On 10/29/2015 07:41 PM, Lan Tianyu wrote:
On 2015年10月30日 00:17, Alexander Duyck wrote:
On 10/29/2015 01:33 AM, Lan Tianyu wrote:
On 2015年10月29日 14:58, Alexander Duyck wrote:
Your code was having to do a bunch of shuffling in order to get things
set up so that you could bring the interface back up.  I would argue
that it may actually be faster at least on the bring-up to just drop the
old rings and start over since it greatly reduced the complexity and the
amount of device related data that has to be moved.
If give up the old ring after migration and keep DMA running before
stopping VCPU, it seems we don't need to track Tx/Rx descriptor ring and
just make sure that all Rx buffers delivered to stack has been migrated.

1) Dummy write Rx buffer before checking Rx descriptor to ensure packet
migrated first.
Don't dummy write the Rx descriptor.  You should only really need to
dummy write the Rx buffer and you would do so after checking the
descriptor, not before.  Otherwise you risk corrupting the Rx buffer
because it is possible for you to read the Rx buffer, DMA occurs, and
then you write back the Rx buffer and now you have corrupted the memory.

2) Make a copy of Rx descriptor and then use the copied data to check
buffer status. Not use the original descriptor because it won't be
migrated and migration may happen between two access of the Rx
Do not just blindly copy the Rx descriptor ring.  That is a recipe for
disaster.  The problem is DMA has to happen in a very specific order for
things to function correctly.  The Rx buffer has to be written and then
the Rx descriptor.  The problem is you will end up getting a read-ahead
on the Rx descriptor ring regardless of which order you dirty things in.

Sorry, I didn't say clearly.
I meant to copy one Rx descriptor when receive rx irq and handle Rx ring.

No, I understood what you are saying. My explanation was that it will not work.

Current code in the ixgbevf_clean_rx_irq() checks status of the Rx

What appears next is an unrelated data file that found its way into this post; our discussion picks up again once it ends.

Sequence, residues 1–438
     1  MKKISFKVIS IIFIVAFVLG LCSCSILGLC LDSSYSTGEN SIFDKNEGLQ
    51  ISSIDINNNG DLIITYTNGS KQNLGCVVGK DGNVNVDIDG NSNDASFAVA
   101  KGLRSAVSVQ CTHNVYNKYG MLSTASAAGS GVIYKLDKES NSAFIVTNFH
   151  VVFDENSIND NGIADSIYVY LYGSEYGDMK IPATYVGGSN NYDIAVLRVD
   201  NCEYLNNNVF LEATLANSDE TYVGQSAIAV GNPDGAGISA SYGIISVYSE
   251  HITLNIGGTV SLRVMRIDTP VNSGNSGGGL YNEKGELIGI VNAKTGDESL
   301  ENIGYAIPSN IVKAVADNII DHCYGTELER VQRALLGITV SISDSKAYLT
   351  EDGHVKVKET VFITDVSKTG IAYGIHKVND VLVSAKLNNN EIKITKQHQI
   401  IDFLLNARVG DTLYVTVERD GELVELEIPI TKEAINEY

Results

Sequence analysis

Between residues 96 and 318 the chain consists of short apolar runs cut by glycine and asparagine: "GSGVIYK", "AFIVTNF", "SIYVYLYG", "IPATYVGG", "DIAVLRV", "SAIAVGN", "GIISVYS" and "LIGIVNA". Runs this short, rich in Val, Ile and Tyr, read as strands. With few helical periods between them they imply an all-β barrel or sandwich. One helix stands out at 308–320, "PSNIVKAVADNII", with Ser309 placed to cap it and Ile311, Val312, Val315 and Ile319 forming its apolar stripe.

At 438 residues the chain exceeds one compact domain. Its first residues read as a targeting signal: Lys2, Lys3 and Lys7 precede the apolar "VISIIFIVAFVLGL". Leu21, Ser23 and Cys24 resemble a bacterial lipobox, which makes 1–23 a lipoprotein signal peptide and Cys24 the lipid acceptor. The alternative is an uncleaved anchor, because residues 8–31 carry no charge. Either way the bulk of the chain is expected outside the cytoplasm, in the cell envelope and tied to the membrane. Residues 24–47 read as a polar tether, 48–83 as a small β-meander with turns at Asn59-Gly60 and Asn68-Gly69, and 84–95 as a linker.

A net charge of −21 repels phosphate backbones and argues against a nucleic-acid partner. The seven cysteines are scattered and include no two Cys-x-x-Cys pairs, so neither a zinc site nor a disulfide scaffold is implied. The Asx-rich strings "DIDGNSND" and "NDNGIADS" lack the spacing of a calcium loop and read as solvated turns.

descriptor whether its Rx buffer has been populated data and then read
the packet length from Rx descriptor to handle the Rx buffer.

That part you have correct. However there are very explicit rules about the ordering of the reads.

My idea is to do the following three steps when receive Rx buffer in the

(1) dummy write the Rx buffer first,

You cannot dummy write the Rx buffer without first being given ownership of it. In the driver this is handled in two phases. First we have to read the DD bit to see if it is set. If it is we can take ownership of the buffer. Second we have to either do a dma_sync_range_for_cpu or dma_unmap_page call so that we can guarantee the data has been moved to the buffer by the DMA API and that it knows it should no longer be accessing it.

(2) make a copy of its Rx descriptor

This is not advisable. Unless you can guarantee you are going to only read the descriptor after the DD bit is set you cannot guarantee that you won't race with device DMA. The problem is you could have the migration occur right in the middle of (2). If that occurs then you will have valid status bits, but the rest of the descriptor would be invalid data.

(3) Check the buffer status and get length from the copy.

I believe this is the assumption that is leading you down the wrong path. You would have to read the status before you could do the copy. You cannot do it after.

Migration may happen every time.
Happen between (1) and (2). If the Rx buffer has been populated data, VF
driver will not know that on the new machine because the Rx descriptor
isn't migrated. But it's still safe.

The part I think you are not getting is that DMA can occur between (1) and (2). So if for example you were doing your dummy write while DMA was occurring you pull in your value, DMA occurs, you write your value and now you have corrupted an Rx frame by writing stale data back into it.

Happen between (2) and (3). The copy will be migrated to new machine